TRPV1 is also expressed at high levels in the central nervous system and has been proposed as a target for treatment not only of pain but also for other conditions such as anxiety.[55] Furthermore, TRPV1 appears to mediate long-term synaptic depression (LTD) in the hippocampus.[56] LTD has been linked to a decrease in the ability to make new memories, unlike its opposite long-term potentiation (LTP), which aids in memory formation. A dynamic pattern of LTD and LTP occurring at many synapses provides a code for memory formation. Long-term depression and subsequent pruning of synapses with reduced activity is an important aspect of memory formation. In rat brain slices, activation of TRPV1 with heat or capsaicin induced LTD while capsazepine blocked capsaicin's ability to induce LTD.[56] In the brainstem (solitary tract nucleus), TRPV1 controls the asynchronous and spontaneous release of glutamate from unmyelinated cranial visceral afferents - release processes that are active at normal temperatures and hence quite distinct from TRPV1 responses in painful heat.[57] Hence, there may be therapeutic potential in modulating TRPV1 in the central nervous system, perhaps as a treatment for epilepsy (TRPV1 is already a target in the peripheral nervous system for pain relief).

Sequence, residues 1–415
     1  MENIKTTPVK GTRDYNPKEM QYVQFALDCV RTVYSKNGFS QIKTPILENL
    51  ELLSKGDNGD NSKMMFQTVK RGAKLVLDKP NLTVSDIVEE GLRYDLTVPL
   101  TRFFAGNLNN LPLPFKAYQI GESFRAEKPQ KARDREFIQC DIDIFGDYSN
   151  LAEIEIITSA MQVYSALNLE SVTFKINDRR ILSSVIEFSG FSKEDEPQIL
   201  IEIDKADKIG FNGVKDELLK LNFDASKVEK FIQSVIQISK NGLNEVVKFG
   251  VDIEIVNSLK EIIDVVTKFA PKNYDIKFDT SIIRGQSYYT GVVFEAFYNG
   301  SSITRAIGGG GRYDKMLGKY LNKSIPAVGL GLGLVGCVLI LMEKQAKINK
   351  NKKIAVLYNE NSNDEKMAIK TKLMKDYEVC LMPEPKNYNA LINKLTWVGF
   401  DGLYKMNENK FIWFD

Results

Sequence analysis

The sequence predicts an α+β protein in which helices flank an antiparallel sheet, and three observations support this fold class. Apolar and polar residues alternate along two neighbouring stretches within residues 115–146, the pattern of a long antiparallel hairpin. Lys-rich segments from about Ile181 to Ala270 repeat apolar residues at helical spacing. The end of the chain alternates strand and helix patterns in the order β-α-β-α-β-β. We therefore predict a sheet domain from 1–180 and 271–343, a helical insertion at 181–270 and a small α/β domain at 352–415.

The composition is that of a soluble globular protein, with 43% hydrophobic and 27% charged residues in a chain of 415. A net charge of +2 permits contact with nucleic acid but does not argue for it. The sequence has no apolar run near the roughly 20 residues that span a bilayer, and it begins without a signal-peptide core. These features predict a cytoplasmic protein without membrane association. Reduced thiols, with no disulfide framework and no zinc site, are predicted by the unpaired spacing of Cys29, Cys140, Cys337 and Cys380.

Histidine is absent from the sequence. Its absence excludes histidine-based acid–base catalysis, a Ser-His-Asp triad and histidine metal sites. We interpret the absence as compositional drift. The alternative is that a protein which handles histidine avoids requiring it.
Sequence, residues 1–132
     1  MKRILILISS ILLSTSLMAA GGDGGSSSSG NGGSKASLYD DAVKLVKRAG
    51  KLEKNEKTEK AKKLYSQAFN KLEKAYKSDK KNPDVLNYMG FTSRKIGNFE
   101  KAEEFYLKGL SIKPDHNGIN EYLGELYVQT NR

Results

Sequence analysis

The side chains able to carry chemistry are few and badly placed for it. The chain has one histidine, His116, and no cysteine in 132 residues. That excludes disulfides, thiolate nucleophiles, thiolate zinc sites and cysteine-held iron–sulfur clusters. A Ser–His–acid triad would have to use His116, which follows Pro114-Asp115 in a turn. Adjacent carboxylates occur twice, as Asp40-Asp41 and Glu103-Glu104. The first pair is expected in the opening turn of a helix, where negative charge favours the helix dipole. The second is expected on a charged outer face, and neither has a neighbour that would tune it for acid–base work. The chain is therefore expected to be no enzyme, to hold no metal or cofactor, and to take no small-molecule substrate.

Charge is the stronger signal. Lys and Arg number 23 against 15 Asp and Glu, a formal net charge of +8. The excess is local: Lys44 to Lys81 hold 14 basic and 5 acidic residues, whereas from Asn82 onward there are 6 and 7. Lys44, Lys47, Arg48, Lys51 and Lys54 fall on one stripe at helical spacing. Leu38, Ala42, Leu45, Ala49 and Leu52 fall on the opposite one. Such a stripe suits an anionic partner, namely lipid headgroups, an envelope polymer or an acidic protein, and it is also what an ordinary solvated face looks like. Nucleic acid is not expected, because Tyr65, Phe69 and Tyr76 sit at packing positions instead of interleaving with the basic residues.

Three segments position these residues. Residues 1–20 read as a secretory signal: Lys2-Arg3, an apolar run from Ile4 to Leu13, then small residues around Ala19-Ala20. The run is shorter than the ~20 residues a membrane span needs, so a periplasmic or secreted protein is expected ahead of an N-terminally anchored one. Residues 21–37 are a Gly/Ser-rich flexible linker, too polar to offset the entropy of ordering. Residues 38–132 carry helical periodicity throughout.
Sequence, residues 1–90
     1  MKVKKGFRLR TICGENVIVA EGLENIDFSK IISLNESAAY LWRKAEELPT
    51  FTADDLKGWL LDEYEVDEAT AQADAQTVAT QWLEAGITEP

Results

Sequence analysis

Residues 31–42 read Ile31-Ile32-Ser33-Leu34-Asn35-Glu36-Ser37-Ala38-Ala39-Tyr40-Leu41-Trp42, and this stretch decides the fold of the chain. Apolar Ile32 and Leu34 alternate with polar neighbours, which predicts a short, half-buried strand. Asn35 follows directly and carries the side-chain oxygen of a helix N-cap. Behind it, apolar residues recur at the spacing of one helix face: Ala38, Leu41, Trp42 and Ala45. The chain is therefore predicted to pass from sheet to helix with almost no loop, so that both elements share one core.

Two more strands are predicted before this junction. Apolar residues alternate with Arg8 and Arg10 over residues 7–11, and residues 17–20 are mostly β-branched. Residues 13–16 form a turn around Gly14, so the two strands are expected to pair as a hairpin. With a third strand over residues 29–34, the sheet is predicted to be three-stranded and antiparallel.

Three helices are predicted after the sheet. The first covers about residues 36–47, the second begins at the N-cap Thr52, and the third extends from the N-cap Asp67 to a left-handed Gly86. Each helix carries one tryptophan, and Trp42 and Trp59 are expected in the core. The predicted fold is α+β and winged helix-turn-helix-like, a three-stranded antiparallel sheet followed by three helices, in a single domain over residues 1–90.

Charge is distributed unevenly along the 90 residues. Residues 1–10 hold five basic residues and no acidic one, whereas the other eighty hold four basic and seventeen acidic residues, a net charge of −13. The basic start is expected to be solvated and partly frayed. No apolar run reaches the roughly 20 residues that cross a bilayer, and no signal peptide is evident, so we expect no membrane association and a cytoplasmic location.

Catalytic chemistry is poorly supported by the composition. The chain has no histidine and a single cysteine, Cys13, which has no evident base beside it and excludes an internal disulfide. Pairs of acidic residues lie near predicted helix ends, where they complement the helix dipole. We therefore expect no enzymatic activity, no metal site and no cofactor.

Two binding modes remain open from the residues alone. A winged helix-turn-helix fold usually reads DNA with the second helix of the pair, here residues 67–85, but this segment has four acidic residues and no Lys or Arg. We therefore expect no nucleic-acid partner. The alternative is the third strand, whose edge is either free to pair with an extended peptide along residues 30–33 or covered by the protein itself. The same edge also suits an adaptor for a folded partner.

TRPV1 has been shown to interact with:


The dorsal root ganglion (DRG) neurons of mammals were known to express a heat-sensitive ion channel that could be activated by capsaicin.[61] The research group of David Julius, therefore, created a cDNA library of genes expressed in dorsal root ganglion neurons, expressed the clones in HEK 293 cells, and looked for cells that respond to capsaicin with calcium influx (which HEK-293 normally not do). After several rounds of screening and dividing the library, a single clone encoding the TRPV1 channel was finally identified in 1997. It was the first TRPV channel to be identified.[5]

See alsoEdit